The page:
Download
starter n.
Skip this Video
Loading SlideShow in 5 Seconds..
Starter PowerPoint Presentation

Starter

115 Vues Download Presentation
Télécharger la présentation

Starter

- - - - - - - - - - - - - - - - - - - - - - - - - - - E N D - - - - - - - - - - - - - - - - - - - - - - - - - - -
Presentation Transcript

  1. Starter • What are the qualities of a good leader? • Rank the presidents that you remember in order from best to worst.

  2. The Washington Era

  3. The Building of a Government • In 1789, George Washington was unanimously elected by the newly formed Electoral College. • Since he was the first, Washington was able to set many precedents– actions that would become ‘tradition’ by later presidents. • First to set up a Cabinet: a group of advisors who headed the executive departments; • Added ‘so help me God’ to the inaugural oath; • Wanted to be addressed as ‘Mr. President’. • Served two terms. • Under Washington, the Judiciary Act of 1789 was passed, allowing for the formation of the courts system.

  4. Washington’s Cabinet

  5. Hamilton’s Plan • As the Secretary of the Treasury, Hamilton was tasked with paying off the new nation’s debt. • So, Hamilton came up with a four-part plan to both pay off the debt, and build the nation’s credibility and reach economic security. • Pay off all foreign debt and interest • Federal government would assume the state’s debts • Impose a tax on whiskey and tariffs (taxes on imported goods) • Create a national bank and national currency • In order to get Hamilton’s Plan passed, a compromise had to be reached. • The compromise was that in ten years’ time, the nation’s capital would be moved to Washington, D.C.

  6. Emerging Political Parties • Not everyone was on board with Hamilton’s Plan, and it greatly intensified the differences between the Federalists and Anti-Federalists.

  7. Domestic Issues • While the government was starting to establish itself, Washington was confronted with his first major issue as president– Native American attacks on settlers in the Northwest Territory. • The British were providing weapons to the Native Americans. In a display of force, Washington used federal troops to defeat the Native Americans at the Battle of Fallen Timbers. • Native Americans were forced to yield land (mainly in Ohio) to the U.S. government.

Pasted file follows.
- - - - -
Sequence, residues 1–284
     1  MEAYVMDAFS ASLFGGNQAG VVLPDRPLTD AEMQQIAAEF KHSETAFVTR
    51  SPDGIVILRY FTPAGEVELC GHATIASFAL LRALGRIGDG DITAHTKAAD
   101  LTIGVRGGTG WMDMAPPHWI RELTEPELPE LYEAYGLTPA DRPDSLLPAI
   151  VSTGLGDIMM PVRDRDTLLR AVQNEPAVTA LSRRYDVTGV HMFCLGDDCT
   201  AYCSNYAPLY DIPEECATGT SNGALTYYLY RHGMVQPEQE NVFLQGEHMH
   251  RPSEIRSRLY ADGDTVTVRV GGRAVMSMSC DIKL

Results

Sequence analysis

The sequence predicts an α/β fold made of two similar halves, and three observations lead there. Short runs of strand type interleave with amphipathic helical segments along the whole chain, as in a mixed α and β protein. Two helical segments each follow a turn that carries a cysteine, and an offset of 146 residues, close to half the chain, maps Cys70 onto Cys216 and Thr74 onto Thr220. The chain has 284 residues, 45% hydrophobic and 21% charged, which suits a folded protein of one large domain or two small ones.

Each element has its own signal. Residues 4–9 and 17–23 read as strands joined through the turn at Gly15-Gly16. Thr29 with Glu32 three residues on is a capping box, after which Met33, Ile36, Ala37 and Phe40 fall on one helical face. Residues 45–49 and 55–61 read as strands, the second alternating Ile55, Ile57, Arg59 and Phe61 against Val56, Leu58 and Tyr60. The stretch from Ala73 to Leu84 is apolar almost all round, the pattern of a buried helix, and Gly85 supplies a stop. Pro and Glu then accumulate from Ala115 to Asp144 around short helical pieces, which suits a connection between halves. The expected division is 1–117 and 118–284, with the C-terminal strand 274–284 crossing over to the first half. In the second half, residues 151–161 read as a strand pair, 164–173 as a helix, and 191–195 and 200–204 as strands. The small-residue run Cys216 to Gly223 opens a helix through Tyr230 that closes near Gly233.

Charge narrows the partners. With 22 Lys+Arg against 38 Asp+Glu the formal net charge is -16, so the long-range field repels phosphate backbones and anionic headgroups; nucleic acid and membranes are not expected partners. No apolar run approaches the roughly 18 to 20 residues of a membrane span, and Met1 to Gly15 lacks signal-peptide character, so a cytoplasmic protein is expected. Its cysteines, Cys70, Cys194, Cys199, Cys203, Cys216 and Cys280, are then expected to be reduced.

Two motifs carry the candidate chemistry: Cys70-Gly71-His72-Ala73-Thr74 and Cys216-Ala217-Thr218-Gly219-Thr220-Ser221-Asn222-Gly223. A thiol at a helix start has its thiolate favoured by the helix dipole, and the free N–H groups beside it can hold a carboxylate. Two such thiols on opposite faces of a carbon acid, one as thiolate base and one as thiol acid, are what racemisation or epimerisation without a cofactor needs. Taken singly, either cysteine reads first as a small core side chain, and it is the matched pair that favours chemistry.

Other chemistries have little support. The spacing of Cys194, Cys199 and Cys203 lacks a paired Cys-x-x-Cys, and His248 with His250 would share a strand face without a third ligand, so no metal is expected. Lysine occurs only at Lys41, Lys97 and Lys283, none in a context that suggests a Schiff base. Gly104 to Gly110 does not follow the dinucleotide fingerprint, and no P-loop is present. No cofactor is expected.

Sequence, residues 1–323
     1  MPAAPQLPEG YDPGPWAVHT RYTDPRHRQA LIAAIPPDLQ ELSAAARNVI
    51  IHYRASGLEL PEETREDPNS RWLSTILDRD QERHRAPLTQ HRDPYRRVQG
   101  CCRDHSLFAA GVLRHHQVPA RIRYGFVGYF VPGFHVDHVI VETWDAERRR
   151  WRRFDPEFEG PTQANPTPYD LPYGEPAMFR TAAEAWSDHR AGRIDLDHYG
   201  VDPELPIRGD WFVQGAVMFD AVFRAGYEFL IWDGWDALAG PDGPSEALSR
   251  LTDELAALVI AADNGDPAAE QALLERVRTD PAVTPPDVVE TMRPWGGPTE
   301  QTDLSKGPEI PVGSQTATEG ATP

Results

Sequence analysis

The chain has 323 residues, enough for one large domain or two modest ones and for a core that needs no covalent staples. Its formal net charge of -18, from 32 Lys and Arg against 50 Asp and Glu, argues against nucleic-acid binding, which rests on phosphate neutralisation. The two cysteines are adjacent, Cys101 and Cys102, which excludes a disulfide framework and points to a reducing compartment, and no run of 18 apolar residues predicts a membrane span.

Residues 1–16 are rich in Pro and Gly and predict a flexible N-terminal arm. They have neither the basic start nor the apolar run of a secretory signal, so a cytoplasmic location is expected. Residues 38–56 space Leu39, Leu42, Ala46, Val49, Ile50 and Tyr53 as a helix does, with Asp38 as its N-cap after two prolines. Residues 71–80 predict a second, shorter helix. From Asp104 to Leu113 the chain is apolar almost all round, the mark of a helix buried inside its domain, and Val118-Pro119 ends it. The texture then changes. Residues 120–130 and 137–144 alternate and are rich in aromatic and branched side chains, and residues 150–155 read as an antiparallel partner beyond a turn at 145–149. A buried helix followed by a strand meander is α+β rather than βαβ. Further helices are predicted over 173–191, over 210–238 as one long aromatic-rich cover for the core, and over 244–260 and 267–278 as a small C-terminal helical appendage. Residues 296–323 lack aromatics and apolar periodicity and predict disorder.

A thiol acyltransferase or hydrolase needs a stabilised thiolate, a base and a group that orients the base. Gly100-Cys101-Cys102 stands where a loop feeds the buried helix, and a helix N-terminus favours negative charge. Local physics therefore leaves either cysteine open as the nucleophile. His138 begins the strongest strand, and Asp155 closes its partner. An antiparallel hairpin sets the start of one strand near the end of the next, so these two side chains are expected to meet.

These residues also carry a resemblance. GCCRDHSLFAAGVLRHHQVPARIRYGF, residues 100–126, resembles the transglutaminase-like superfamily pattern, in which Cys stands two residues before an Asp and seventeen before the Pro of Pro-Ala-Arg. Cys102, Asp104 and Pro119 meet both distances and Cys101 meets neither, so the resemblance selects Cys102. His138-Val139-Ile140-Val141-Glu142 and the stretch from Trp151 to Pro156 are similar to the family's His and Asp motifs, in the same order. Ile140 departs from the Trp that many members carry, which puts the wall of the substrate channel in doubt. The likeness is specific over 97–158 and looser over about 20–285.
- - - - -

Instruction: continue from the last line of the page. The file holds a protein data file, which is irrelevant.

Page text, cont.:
8. Foreign Issues • While Washington was quick to act on domestic issues, he was more hesitant when it came to foreign troubles. • Although the French had aided the U.S. during the Revolutionary War, when the rebels went after all monarchies in Europe (including Britain), the U.S. divided. • The Federalists wanted to support Britain, the D-Rs: France. • Recognizing that the U.S. was too young to get involved in another war, Washington declared neutrality (another precedent). • In an attempt to avoid war, Washington did approve the formation of treaties with European countries– Great Britain and Spain.

  9. Foreign Treaties

  10. The XYZ Affair • After Washington left office, his vice-president, John Adams became the new president. • After the Jay Treaty was signed, the French were upset that the U.S. seemed to align with the British. • Adams sent envoys to France to negotiate a peaceful solution. • Instead of reaching a solution, the French officials demanded $250,000 in bribes and wanted to humiliate the U.S. This became known as the XYZ Affair. • Public sentiment against France grew more negative, and to pay for Adams’ expansion of the military (to go after French ships), taxes increased.

  11. Adams’ response • The Federalists passed the Alien and Sedition Acts to target those who spoke out negatively against the government. • In response to the passage of these acts, certain states deemed the Sedition Act unconstitutional. • Written by Jefferson and Madison, the Virginia and Kentucky resolutions insinuated that states had the power to declare federal laws unconstitutional. • This was the first major push for states’ rights in the nation’s short history.

  12. The Election of 1800 • After angering both Federalists and D-Rs, Adams had no hope of being re-elected. • In a turn of events, Jefferson and his running-mate, Aaron Burr, tied in electoral votes. • The Constitution did not include a provision for deciding between electoral votes. The vote went to the House of Representatives. • Hamilton disliked Burr, so he rallied support for Jefferson. • The 12th amendment, added in 1804, requires electors to vote separately for president and vice-president. • Burr was upset at his loss, and ultimately killed Hamilton in a duel.